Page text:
WASHINGTON – Thanks to a new technology about the size as a 35 mm camera,Haitians injured in last month's earthquake will be able to see medical experts from all over the United States and Europe.
A team of U.S. medical and technology experts is flying to Haiti on Saturday to set up the telemedicine gear that will allow medical specialists to consult on cases using cameras and the Internet.
“It's the first of its kind,” said Dr. Keith Vrbicky,medical director of American Educational Telecommunications,of the new device.
Telemedicine uses cameras and the Internet to connect doctors with patients from anywhere in the world. The technology also allows doctors to listen to patients' hearts and lungs,Vrbicky said.
AET is one of nine U.S. international corporations involved in a mission for Haiti to use this technology as part of the medical aid for disaster response.
The mission,called HAITI 2010 Earthquake-Telemedicine/Disaster Behavioral Health Operation,will connect two cameras in Haiti to five U.S. hospitals,providing access to 250 medical specialists,said Allsion A. Sakara president of High Alert International.
High Alert International is sending its founder and chief executive officer,Dr. Maurice Ramirez,to Haiti with the cameras.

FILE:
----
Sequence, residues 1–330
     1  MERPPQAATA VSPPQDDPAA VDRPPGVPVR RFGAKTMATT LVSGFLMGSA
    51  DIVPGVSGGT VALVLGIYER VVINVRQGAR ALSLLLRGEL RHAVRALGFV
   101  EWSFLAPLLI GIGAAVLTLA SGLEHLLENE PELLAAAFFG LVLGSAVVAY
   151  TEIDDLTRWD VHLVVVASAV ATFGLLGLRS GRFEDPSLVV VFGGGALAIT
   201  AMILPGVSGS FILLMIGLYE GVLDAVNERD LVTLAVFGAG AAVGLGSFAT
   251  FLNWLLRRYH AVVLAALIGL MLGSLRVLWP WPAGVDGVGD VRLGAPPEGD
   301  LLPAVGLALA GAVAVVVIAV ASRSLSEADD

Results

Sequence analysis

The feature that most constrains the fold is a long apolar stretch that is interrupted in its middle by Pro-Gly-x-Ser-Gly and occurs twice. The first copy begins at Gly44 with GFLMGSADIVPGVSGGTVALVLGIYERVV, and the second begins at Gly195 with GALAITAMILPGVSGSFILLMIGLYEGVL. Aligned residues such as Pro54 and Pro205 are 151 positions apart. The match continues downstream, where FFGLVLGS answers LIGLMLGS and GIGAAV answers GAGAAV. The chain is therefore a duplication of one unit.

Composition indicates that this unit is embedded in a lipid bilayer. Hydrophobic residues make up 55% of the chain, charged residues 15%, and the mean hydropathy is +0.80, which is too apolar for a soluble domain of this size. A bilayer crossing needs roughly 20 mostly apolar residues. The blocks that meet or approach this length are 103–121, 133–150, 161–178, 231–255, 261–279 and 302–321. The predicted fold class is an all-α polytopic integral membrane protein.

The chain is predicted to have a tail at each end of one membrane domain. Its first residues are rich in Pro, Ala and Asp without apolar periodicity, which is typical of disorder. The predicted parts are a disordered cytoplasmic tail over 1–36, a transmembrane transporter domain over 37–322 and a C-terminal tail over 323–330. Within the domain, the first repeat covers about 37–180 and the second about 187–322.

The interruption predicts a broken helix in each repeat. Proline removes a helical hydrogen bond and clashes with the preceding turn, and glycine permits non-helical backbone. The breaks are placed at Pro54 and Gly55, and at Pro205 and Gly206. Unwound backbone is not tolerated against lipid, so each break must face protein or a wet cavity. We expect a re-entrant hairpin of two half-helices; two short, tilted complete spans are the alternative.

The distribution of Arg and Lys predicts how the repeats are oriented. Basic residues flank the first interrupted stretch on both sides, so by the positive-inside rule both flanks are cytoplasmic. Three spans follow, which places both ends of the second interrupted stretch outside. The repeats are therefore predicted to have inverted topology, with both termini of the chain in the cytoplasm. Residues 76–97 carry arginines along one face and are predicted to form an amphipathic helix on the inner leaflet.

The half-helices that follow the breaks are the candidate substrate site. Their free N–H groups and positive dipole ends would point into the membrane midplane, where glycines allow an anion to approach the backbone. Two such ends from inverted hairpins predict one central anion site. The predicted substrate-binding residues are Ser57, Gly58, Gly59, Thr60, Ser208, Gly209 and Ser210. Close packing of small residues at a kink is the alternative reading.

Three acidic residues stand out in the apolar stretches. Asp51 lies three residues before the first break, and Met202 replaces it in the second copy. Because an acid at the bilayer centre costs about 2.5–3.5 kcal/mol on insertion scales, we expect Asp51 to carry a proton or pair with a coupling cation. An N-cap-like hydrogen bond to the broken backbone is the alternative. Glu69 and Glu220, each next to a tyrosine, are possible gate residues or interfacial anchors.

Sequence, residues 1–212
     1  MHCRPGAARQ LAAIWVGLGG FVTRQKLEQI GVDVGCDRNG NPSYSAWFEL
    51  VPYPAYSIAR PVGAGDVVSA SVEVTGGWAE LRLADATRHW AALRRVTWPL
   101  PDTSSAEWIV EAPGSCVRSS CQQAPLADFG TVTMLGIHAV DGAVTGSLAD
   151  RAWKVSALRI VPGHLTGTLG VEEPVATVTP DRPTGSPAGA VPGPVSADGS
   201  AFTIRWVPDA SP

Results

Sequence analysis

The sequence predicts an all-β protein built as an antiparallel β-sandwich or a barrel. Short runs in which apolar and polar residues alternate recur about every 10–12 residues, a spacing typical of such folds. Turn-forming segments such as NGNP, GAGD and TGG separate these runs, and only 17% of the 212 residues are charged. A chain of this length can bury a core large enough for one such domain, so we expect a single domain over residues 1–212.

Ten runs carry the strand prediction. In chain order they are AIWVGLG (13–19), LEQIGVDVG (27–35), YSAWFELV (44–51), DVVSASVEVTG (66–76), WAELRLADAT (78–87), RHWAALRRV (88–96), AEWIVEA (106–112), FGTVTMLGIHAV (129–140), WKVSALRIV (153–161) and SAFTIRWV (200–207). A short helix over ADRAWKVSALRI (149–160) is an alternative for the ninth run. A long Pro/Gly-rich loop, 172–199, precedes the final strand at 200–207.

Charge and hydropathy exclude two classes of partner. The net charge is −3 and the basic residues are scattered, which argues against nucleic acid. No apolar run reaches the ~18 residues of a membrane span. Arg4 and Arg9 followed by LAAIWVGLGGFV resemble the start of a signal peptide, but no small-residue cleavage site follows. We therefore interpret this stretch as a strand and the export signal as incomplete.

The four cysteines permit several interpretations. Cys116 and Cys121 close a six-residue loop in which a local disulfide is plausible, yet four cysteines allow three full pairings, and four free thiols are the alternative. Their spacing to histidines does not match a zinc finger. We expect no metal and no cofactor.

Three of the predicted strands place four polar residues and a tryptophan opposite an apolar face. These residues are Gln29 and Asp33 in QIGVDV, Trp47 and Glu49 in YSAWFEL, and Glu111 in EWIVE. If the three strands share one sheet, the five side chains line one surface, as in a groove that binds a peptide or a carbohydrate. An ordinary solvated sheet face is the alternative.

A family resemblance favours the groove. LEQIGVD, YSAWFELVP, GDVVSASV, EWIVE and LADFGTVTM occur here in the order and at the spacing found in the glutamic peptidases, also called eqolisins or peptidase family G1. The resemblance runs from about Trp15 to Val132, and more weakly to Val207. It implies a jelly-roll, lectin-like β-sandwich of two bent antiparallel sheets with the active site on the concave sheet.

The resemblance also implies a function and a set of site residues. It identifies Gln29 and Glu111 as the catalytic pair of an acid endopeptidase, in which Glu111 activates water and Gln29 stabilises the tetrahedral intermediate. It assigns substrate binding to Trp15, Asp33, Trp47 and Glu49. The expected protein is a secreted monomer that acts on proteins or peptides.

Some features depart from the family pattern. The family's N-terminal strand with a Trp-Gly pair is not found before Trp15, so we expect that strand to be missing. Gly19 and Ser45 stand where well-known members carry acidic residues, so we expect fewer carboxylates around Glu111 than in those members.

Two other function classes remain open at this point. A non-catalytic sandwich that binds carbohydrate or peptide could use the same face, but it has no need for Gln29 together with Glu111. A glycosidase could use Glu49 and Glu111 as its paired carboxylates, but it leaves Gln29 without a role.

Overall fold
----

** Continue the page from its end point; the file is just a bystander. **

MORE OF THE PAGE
Disorganization is one of the largest problems in Haiti,Ramirez said. “Doctors and nurses poured in and had places to work but no materials or had materials but no places to work,and of course,there were patients everywhere,” Ramirez said. Specialists have also self-deployed to contribute aid,but they aren't necessarily working in their fields of expertise,Ramirez said.
“There will be gynecologists seeing pediatric cases because they are going to help,” he said. “But they are not necessarily seeing the patients they could optimally help.”
Telemedicine has been in development since the 1990s,but the wireless capabilities have been introduced in the U.S. in last eight to 12 months through AET,Vrbicky said.
An earlier form of telemedicine was also used in disaster response in 2001 after an earthquake hit Kutch,Gujarat,in India,Sakara said. However,the technology ran into connection and bandwidth problems.
Those issues are not anticipated for the Haiti mission because wireless capabilities have improved since then,Vrbicky said. The group initially plans to stay in Haiti until March 19,but could stay longer. While two cameras are being used now,Sakara said it is possible more cameras could be brought to Haiti later.
“It's very exciting to see where things are going since the mid ‘90s to now,” Sakara said. “And now things are mobile. It's wonderful.”